I know by myself, EVERY time when I get a new project, with existing code base, first thought is frustration, and desire to rewrite it the way it feels right. It works for all programmers without exception.
There is one thing I’ve learned so far: you need to stifle your inner grumbler. If you work in a team, you have to accept that things not always be as you want. Every developer has its own tricks. You have to trust and learn to delegate.
The only thing that matter is Business value. If you want to grow and not be just coder you need to understand this term.
Almost all project goes through same stages, and on each stage you have a different goal and ways to accomplish them. On earlier stages, it means speed of development and rapid prototyping. Further its challenges like growing and scaling team and product. If all goes well, someday you will rewrite all your code to Scala :)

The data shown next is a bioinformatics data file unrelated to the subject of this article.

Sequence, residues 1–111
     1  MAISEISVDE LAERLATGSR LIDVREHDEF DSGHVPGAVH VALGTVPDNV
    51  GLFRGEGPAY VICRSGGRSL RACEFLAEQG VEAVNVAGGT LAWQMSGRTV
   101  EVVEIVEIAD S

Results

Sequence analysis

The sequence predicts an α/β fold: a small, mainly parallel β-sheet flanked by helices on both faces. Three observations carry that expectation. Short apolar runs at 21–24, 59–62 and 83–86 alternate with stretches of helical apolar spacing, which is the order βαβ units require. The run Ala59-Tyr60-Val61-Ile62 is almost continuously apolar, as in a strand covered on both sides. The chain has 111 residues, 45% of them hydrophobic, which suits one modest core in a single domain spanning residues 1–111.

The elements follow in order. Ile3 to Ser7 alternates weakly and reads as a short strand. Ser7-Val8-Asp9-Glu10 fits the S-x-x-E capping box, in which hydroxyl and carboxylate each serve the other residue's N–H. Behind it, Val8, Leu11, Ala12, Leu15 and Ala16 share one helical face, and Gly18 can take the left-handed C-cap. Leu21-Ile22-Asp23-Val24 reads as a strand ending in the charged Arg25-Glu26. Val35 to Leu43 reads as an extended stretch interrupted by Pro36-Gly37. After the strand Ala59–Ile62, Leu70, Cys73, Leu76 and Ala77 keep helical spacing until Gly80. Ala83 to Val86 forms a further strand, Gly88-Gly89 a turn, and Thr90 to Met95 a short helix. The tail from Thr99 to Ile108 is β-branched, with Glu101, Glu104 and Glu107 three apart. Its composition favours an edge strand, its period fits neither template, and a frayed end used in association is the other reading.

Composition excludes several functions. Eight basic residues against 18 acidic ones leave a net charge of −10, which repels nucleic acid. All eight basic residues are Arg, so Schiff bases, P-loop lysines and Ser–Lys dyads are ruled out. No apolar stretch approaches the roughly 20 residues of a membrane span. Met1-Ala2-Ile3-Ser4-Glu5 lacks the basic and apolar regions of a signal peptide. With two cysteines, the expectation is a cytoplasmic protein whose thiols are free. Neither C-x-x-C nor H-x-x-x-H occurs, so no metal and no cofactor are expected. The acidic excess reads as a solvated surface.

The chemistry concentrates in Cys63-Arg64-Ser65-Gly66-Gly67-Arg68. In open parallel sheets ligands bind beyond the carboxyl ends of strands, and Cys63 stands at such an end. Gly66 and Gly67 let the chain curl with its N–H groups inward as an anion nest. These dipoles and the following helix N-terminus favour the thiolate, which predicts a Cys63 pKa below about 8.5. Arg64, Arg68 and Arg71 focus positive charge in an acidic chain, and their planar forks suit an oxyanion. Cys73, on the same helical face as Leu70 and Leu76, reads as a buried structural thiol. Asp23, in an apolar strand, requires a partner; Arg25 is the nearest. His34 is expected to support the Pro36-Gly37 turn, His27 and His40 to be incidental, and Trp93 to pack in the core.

Lack of documentation and some temporary code is OK on early stages; it don’t have to be perfect, it should be good enough. Things change if you need to jump higher and scale team. You have to think about ease of learning for newcomers, and support costs, because it becomes crucial for business value.
Remember Twitter story. When it started it was super buggy Rails app, that was down all the time. Now check where they now, they looks much more like enterprise, Java everywhere, 1500+ employees. Good project is like a book; you can’t skip and start reading from the middle, you need to pass all stages one-by-one.
Each project has a unique history, respect it, do not make hasty decisions, always think about business value.
For sure I don’t mean that you should write crappy code. I mostly talking about premature-optimizations and rewriting from scratch. Right now there are lot of tools and techniques that allow to control code quality. At least tests, code-reviews and code analysers.
Excellent article from Joel Spolsky Things You Should Never Do
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